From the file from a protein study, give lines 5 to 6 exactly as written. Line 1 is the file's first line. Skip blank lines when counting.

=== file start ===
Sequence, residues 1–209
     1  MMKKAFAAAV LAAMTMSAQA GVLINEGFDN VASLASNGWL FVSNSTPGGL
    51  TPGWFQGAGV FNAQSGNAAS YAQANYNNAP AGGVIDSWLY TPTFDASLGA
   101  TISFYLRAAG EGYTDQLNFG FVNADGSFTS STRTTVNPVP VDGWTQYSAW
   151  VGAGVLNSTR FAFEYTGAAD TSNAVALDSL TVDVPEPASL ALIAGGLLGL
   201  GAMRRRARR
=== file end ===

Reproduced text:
   151  VGAGVLNSTR FAFEYTGAAD TSNAVALDSL TVDVPEPASL ALIAGGLLGL
   201  GAMRRRARR